Ironically, says Westwood, the writing into law of the Haldane principle could end up serving the government more than it does researchers, because it hammers out an agreed meaning for what has until now been a vague principle of independence that could be called upon whenever researchers felt threatened by government interference.

“Haldane was probably more powerful when it was not enshrined, because academics could always shape it to fit their argument,” Westwood says.

An alternative future

Research Europe, 12.01.17

Dietmar Lampert, from Austria’s Centre for Social Innovation, hopes that digital science will create a better fit between innovation and society, Inga Vesper reports.

At November’s Web Summit in Lisbon, one innovator took to the stage to demonstrate his face-recognition glasses. “I’m scanning and filing every face in this room,” he told the audience of 15,000. Half of the crowd cheered with excitement. The other half quietly covered up their faces.

It is scenarios such as this that pose crucial questions about whether people are ready to handle the full capabilities of the latest technological inventions. And it is these questions that Dietmar Lampert from the Centre for Social Innovation in Vienna is trying to answer. He wants to understand the effects digital technologies have on society, and propose ways to better prepare people for the latest inventions.

Lampert, who researches digital policy and alternative metrics, sees the issues that have arisen as a result of global digitisation as a two-headed beast.

On the one hand, neither citizens nor policymakers grasp the full extent of the phenomenon because of its intangible nature. “You would never plaster your personal information all over your car for all to see, but in the virtual world people stop being careful because it is harder to connect emotionally,” he says. Law-makers controlling the reach and impact of digital technologies continue to lag behind the technology itself as they remain unaware of how far digital and data-gathering technologies have sneaked into everyday lives, Lampert says.

The digitisation of science offers new opportunities to tackle the problems raised, through the emergence of both open and citizen science. And Lampert says he believes that these hold great scope for a big transition in the future, as combining openness of experiments and results with the involvement of citizens could prepare society better for technological change.

Scientists finally have the means to share data and results widely and immediately, rather than relying on conventional publishing—a necessity when paper documents were the only means of storing and distributing information. Open science means opening the research process up from the start to other partners, including the public and companies, to create innovation and do research that addresses society’s concerns. For researchers, the challenge is to “decide how much, and where, openness makes sense”, he says.

Sharing data will improve the quality of science due to better reproducibility and wider peer review, he claims. “Openness makes sense in science because transparency will give you instant validation and impact.”

Lampert also believes that this will help, ultimately, to shift the research process away from isolated teams working in the confines of a single laboratory, towards close involvement of citizens, policymakers and other scientists. “As researchers, we are still precious about our knowledge. We’ve never been able to break the paradigm,” he says. ”Innovation comes from different ways of looking at something, from not accepting the paradigm.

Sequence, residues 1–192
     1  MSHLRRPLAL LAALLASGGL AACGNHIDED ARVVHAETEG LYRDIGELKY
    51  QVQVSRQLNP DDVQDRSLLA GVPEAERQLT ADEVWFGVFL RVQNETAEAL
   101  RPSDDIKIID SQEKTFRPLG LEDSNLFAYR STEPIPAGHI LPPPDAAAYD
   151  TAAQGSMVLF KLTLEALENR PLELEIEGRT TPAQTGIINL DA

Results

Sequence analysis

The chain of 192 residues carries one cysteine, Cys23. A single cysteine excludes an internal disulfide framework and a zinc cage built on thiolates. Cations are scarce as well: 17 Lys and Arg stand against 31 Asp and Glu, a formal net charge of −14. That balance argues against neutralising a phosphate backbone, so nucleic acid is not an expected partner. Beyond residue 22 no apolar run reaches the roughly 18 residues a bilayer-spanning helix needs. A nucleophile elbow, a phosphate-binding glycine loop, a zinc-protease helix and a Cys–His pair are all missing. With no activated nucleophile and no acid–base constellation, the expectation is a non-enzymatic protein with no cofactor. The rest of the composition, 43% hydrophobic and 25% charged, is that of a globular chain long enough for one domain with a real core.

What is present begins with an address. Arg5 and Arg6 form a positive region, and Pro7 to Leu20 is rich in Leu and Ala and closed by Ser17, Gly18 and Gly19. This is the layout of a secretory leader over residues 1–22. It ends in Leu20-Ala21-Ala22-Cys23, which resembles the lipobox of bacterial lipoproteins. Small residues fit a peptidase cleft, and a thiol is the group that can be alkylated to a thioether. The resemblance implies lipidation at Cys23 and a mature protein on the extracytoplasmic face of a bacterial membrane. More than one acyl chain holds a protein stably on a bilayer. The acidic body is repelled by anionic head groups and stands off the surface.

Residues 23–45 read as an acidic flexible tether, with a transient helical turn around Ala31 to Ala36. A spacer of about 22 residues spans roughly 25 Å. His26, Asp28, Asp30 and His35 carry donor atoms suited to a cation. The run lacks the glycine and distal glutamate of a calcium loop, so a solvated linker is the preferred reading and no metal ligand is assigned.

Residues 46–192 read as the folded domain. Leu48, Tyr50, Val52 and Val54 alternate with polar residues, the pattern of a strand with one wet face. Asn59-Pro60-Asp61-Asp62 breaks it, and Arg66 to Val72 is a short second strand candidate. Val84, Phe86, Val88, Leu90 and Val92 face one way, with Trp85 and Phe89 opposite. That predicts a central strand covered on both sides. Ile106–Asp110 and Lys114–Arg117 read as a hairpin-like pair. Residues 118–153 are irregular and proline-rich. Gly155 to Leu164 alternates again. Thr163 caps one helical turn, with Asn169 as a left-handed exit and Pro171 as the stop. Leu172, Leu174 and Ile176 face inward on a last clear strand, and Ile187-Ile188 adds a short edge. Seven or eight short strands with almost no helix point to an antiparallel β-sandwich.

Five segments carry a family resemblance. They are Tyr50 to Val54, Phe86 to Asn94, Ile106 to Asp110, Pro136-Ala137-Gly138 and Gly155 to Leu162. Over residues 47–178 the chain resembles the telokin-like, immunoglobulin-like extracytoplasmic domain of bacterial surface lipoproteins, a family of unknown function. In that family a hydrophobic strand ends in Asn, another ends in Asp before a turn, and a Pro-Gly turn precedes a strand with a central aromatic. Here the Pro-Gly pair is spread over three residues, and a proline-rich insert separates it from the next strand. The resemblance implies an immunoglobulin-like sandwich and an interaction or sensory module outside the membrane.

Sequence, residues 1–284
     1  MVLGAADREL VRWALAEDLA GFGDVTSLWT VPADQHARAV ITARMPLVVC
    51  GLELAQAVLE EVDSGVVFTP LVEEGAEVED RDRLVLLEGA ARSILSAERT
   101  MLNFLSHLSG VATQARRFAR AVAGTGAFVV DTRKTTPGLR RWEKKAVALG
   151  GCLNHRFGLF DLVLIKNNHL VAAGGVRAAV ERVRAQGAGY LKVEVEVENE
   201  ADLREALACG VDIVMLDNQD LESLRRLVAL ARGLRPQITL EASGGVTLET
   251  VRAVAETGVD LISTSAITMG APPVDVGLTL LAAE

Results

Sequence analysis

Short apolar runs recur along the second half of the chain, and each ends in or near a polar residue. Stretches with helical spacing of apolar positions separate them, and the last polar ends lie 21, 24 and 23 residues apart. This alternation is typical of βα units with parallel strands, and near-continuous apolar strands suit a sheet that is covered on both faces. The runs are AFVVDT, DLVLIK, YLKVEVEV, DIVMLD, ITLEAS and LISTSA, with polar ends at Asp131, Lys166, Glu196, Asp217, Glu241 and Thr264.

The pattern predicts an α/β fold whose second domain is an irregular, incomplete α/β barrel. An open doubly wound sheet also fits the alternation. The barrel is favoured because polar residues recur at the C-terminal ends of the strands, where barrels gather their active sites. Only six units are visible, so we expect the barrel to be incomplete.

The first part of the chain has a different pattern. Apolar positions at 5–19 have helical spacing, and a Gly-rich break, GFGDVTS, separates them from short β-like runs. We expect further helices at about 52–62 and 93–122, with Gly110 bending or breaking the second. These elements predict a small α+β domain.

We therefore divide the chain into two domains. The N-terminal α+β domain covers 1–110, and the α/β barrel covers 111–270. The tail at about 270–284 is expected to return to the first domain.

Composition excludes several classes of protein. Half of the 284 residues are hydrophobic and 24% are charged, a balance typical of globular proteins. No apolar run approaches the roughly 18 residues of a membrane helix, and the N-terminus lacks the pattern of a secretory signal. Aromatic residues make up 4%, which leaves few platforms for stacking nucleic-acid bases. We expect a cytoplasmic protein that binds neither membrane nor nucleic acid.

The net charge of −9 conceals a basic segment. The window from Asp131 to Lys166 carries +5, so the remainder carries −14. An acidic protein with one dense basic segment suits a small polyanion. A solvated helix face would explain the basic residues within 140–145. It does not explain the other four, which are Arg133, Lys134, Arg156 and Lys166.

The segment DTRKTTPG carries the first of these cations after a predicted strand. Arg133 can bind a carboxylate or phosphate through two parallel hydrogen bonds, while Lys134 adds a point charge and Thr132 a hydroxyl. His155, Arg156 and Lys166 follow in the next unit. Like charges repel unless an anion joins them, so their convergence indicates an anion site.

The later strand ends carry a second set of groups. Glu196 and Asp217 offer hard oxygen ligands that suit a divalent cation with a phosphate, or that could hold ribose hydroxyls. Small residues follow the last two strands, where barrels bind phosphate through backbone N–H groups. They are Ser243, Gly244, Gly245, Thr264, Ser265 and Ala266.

“Europe has a lot of diversity. Its people can bring something extra to science, and that creates new chances for innovation.”

Traditionally, innovators have been lauded for growing their ideas into large companies, but there has been little requirement for them to think about the social and security implications of inventions. Now, when hundreds of people are involved, scientists need to take charge of ensuring that scientific quality is upheld: for example by providing training in gathering quality data in comparable, shareable formats and thinking about the personal rights of those generating the data, Lampert says.

A truly open and citizen-led movement won’t work for all fields of science, he cautions, especially those involving sensitive data or competitive product development. He says that researchers as well as citizens will have to learn what works and does not work in the open-science process and think of alternative measurements for results.

“For example, scientists would need to change their language, so they don’t solely communicate in jargon,” he says. “It is also a question of who gets the credit. Will the citizens who provided their computing power or pattern-recognition skills be named in the paper? Will scientists be able to move away from counting citations and towards including social impact on their CV?”

He also pleads with policymakers to catch up, as bodies such as the European Commission continue to propose legislation not fit for purpose. Referring to a revision of copyright legislation that aims to protect European inventions, Lampert says that it will clamp down on data sharing and public hosting—totally failing to acknowledge the open-information movement.

“If you own something physical, you’d have a real loss of value if someone took it away,” Lampert says. “But in the world of ideas that’s not always the case. Sharing an idea is what gives it value in the first place.”